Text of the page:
Cloud Computing

Cloud Computing implies the use of a computer that is not located with the user (on premise), but owned by a service provider and located in a computing centre. In most cases it’s not a physical server, but a virtual machine. Cloud Computing is not limited to providing (virtual) hardware, other services are possible, too.


Cloud Computing services are generally split into three levels.

Source: Wikipedia

Infrastructure as a Service (IaaS)

IaaS means providing (virtual) hardware on which the customer can run software. This covers not only the computers themselves, but also all network infrastructure. The advantage of virtualization is the flexibility in configuring hardware. Cloud Computing providers offer many different configurations of CPUs, memory, storage etc., making to possible to custom tailor the infrastructure to the desired application.

Platform as a Service (PaaS)

PaaS is the supply of a software platform on which the customer can build his own services. Examples are web servers and database servers. Other than with SaaS, the underlying hardware and operating system is usually not visible to the user/customer, only the components that are relevant to him.

Software as a Service (SaaS)

SaaS goes even further. With SaaS the software for the end user runs in the cloud, and is accessed via a web browser or remote desktop application. Examples are the accounting software Exact Online, and Microsoft 365. The underlying software and hardware layers are invisible to the customer and user, and not their responsibility either.


There are three big players on the Cloud Computing market:

  • Amazon with AWS (Amazon Web Services)
  • Microsoft with Azure
  • Google with the Google Cloud Platform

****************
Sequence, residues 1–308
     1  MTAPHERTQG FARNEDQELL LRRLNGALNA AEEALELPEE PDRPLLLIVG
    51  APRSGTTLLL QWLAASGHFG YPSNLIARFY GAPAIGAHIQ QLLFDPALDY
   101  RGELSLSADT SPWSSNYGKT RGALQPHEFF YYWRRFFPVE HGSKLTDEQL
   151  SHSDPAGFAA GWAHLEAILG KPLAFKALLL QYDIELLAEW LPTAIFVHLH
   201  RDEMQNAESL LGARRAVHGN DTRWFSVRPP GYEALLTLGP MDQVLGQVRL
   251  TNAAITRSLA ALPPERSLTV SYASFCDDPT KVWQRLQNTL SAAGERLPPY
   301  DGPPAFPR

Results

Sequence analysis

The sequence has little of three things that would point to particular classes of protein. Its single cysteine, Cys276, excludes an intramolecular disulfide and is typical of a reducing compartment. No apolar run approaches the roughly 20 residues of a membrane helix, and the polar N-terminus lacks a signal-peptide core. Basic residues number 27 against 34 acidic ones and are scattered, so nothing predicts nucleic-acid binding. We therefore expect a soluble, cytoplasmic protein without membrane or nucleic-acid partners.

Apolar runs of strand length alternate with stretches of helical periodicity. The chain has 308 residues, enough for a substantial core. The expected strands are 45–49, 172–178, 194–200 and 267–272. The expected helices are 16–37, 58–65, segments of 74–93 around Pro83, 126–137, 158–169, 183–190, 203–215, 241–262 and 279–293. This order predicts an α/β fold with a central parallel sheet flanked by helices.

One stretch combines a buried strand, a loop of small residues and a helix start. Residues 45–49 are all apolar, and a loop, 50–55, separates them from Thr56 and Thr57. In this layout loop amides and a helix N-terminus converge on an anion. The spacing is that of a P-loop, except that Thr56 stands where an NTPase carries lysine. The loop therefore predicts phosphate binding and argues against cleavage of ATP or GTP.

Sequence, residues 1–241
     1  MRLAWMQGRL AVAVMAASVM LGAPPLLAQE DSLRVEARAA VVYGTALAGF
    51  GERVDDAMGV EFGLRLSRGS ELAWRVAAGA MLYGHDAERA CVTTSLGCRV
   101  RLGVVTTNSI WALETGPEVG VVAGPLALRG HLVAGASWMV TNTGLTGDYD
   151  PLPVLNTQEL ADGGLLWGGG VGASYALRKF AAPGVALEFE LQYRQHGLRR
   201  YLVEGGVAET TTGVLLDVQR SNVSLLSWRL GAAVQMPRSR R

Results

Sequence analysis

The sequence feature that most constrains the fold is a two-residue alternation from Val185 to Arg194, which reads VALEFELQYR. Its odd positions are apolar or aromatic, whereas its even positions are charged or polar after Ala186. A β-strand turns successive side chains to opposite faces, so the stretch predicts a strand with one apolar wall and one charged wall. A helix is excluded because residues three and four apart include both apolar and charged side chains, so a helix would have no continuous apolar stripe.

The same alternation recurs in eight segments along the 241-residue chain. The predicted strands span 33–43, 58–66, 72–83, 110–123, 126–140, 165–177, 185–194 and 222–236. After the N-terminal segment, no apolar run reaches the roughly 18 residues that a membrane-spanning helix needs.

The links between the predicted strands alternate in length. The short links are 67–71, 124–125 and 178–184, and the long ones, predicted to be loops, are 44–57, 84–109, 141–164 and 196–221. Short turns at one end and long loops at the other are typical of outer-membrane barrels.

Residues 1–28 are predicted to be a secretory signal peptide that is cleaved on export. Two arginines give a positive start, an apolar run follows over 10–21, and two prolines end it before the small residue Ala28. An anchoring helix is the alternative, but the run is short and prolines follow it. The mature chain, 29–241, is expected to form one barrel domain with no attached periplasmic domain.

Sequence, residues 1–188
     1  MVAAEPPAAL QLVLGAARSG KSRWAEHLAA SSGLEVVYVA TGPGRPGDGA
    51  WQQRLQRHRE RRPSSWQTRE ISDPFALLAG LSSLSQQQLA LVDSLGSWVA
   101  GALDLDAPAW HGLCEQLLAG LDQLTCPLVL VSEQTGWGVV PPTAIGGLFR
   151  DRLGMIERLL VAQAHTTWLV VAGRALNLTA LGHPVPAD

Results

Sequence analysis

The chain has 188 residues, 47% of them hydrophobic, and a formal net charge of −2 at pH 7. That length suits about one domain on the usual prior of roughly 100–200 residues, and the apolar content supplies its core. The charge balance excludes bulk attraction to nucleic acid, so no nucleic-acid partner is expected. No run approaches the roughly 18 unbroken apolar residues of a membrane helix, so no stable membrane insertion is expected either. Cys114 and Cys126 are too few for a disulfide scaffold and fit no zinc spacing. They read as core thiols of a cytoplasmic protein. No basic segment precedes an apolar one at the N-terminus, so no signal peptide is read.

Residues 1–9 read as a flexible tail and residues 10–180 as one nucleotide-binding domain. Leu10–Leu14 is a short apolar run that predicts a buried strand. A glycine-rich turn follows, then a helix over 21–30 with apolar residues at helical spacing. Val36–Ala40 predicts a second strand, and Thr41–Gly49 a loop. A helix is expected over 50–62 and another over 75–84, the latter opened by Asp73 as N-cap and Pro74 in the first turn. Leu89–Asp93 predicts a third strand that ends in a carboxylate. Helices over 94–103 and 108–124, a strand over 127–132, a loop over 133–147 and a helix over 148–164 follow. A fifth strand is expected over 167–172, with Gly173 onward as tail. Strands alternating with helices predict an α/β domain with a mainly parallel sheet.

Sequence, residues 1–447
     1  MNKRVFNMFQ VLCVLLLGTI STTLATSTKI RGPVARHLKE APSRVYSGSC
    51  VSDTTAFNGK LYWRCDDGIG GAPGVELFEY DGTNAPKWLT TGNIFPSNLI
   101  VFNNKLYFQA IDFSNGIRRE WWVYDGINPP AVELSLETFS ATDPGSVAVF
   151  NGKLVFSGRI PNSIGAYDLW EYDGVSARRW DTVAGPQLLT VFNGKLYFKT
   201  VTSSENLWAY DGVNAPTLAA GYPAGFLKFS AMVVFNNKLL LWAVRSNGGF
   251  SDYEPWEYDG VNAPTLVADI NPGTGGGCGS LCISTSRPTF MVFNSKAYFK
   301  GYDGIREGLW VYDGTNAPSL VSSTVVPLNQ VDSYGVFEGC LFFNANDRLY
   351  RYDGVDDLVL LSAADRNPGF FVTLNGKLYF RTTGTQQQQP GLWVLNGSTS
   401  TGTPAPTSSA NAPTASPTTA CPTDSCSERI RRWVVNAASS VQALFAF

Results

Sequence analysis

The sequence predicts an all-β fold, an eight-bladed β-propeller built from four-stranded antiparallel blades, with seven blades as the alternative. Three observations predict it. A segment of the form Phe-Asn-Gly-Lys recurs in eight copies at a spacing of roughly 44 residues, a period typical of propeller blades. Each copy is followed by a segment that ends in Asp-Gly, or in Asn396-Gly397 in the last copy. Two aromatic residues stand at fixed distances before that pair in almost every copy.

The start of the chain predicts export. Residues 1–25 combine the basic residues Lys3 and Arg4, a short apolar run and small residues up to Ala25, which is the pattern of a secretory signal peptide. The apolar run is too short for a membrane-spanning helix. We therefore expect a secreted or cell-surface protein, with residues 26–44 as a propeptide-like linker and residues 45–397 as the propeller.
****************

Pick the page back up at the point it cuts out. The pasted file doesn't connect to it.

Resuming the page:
All three offer the full spectrum of Cloud Computing: storage, virtual machines, web and database servers, and a large number of specialist services such as AI/machine learning. The prices are comparable. A smaller player is e.g. Strato, who provide storage and web hosting, but also virtual machines and dedicated servers, and thus cover at least the layers IaaS and PaaS.

When to use Cloud Computing?

Cloud Computing is seen by some as the ideal solution for all server needs of an organization. It is important though to be aware of the associated costs. At Microsoft Azure a VM with two CPUs and 8 GB of RAM costs US$83,95 a month. This is a flexible use VM that is only billed for when it is actually running. Reserving it for a longer period of continuous use yields a discount. 1 TB of HDD storage is US$40,95 – so combined almost US$ 125 (at the time of writing €117) a month for a pretty basic configuration. By comparison, at Strato a Virtual Private Server with 8 cores, 32 GB of RAM, and 1TB of SSD storage is €25 a month.

This means that for continuous use a Cloud solution is quite expensive. The same is true for large amounts of data. The costs for this depend on how quickly the data needs to be accessed and how many transaction are made. “Warm” storage at Microsoft Azure is US$ 20 per month per TB, archive storage is US$ 1.80 per month per TB. To this you need to add the cost for transactions and data transfer. With warm storage, data transfer is free, 10,000 transactions are 5ct. With archive storage, 10,000 read transactions are approx. €5, the data transfer itself is €22 with standard priority, and €121 at high priority. So getting data from the archive is quite expensive. By comparison, an external hard disk is currently approx. €20 per TB.

On the other side you get ease of use and flexibility. It is not necessary to maintain and administer own hardware, and the Cloud solution is hosted in a computing centre with fast Internet connection. When more computing power is needed, it is very easy to (temporarily) scale up. All things considered, there are predominantly three scenarios where the use of Cloud Computing makes sense:

  • The use of lots of computing power for short periods of time.
  • The archiving of data that is most likely not to be used again, but needs to kept e.g. due to legal requirements.
  • The use of functionality such as Machine Learning services.

What can Hai Performance do for you?

You want to use Cloud Computing, but don’t know where to start? You want advice for choosing the right platform or help with implementing a Cloud solution? Or you want to run computations faster on a virtual machine with many cores, but your software isn’t parallelized yet? I can help you with all these questions. Interested? Then get in touch.